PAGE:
Secretary of State Albright spent the early part of last week in Warsaw, at a conference of 107 nations to celebrate what she considers the Clinton administration's foreign policy legacy the spread of democracy. But it may be precisely this idealistic, even ideological conception of foreign policy that has had many pundits from both ends of the political spectrum expressing disquiet over the state of U.S. foreign policy.
The hype in Warsaw notwithstanding, democracy has never been the linchpin of U.S. foreign policy. During the Cold War, the very term "democratic" was simply a synonym for anticommunist Suharto, Mobutu, Generals Diem and Pinochet, the medieval Islamists who fought the Soviets in Afghanistan and many other dodgy candidates were all in the "democratic" camp, remember. Even since communism's decisive defeat has allowed Washington to abandon such questionable company, it's simply not true to proclaim democracy as the basis for U.S. foreign policy.
It wasn't for democracy that we sent our troops to war in the Gulf in 1991. We sent them into Saudi Arabia and Kuwait to protect the vital interests of the U.S. and its allies the oil reserves that Saddam Hussein would've controlled if he hadn't been ejected from Kuwait and stopped from invading Saudi Arabia. This was a valid and vital projection of the national interest, even if it meant shoring up Saudi and Kuwaiti regimes that would hardly be deemed democratic by U.S. standards.
The quest for Middle East peace, to which the Clinton administration has devoted so much energy and effort, also has little to do with democracy. Israel is the only democracy in the region, and that may be a good thing if peace is the goal. Popular opinion in Egypt, Jordan and among Palestinians is far more hostile to Israel than are the political elites who interface with Washington. President Mubarak, King Hussein and Yasser Arafat would have had a hard time concluding their peace agreements with the Jewish state if they had to answer, in short order, to an electorate.
China policy, the administration's other major foreign policy thrust, has little to do with democracy. We may placate our concerns with the idea that trade with the West will speed China's democratization it may contribute in the very long term, but don't hold your breath but it's really based on the economic self-interest of both countries. In fact, many sober foreign policy heads recognize that the convulsive social upheaval that will accompany the epic transformation from socialism to capitalism currently under way in China that a strong (yes, even authoritarian) state might be necessary to avert a cataclysmic collapse. Which is why electoral democracy isn't Beijing's immediate priority, and nor do serious foreign policy players believe it should be.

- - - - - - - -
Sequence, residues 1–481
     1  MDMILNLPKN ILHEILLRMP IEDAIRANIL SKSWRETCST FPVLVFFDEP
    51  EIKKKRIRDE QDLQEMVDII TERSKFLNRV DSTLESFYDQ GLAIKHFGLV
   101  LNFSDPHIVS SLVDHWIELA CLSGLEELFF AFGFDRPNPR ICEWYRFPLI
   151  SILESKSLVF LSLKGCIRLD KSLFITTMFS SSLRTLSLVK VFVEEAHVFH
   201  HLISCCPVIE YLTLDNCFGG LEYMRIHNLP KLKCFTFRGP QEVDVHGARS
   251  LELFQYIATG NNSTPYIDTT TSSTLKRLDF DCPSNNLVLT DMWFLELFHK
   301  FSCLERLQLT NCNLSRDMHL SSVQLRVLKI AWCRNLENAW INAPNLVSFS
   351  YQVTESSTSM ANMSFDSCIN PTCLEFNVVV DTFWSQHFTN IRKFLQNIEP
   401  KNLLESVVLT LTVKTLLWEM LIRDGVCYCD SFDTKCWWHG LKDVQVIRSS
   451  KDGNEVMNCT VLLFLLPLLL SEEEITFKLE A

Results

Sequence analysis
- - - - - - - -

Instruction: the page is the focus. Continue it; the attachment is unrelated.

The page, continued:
And while Washington may have insisted that democracy is the precondition for rehabilitating Serbia, that won't necessarily end all of the Balkan troubles: Slobodan Milosevic may be a despot and a demagogue, but the troubling reality is that most of the Serbian opposition accepted the principle that their nation should fight to hold on to Kosovo.
Kosovo, in fact, showed the danger in simply exporting an American conception of democracy into a situation with a very different history. The U.S. led NATO to war against ethnic cleansing, projecting, as an alternative, the notion of a democratic multiethnic Kosovo. Convinced of his own vision of a peaceful Balkan melting pot as implausible as that sounded to long-term analysts of the region President Clinton lashed out at anyone who dared to view the conflict instead through the politically incorrect lens of centuries of unresolved tribal hatreds. And yet, a year later, it's increasingly clear that a democratic, multiethnic Kosovo is a Western illusion. The Kosovo Liberation Army, backed by NATO against the Serbs, appear to be animated by instincts every bit as violently racist and intolerant as those of their enemies in Belgrade, and simply started their own ethnic cleansing campaign as soon as they had the opportunity. The West may yet have to accept a partition solution despite its discomfort with conceding that in some circumstances, people can't all just get along.
The Clinton administration has been correctly accused of lacking a coherent foreign policy vision, and instead simply responding to crises. In its defense, it must be noted that crises have proliferated on an unprecedented, alarming scale in the decade since communism's collapse. But that deepens the urgency of defining U.S. interests on a world scale, fashioning policy objectives on the basis of those interests, building alliances on the basis of those objectives and using a variety of policy levers to realize them, always guided by a comprehensive global picture.
As gratifying as the spread of democracy and market economics has been, it hasn't necessarily created a uniform interest among nations. Russia is now a full-fledged democracy, according to Washington, and yet since the election of President Vladimir Putin whose popularity with voters was derived in no small part from sticking out his jaw in the face of Western criticism over his conduct in Chechnya it has positioned itself ever more assertively as a competitor to Washington on the global stage. Putin is working aggressively (and not without success) to win Western European support for his opposition to Washington's national missile defense, and is making a concerted effort to restore Moscow's influence in some of the capitals that most perplex U.S. policy makers Pyongyang, Havana and Belgrade. There's nothing ideological about this. It's just a pragmatic, calculating attempt to assert the national interests of a newly capitalist Russia on the global stage, playing Moscow's weaker hand to maximum advantage. And he'll prove quite a match for the next U.S. administration if its conception of foreign policy is limited to exporting democracy.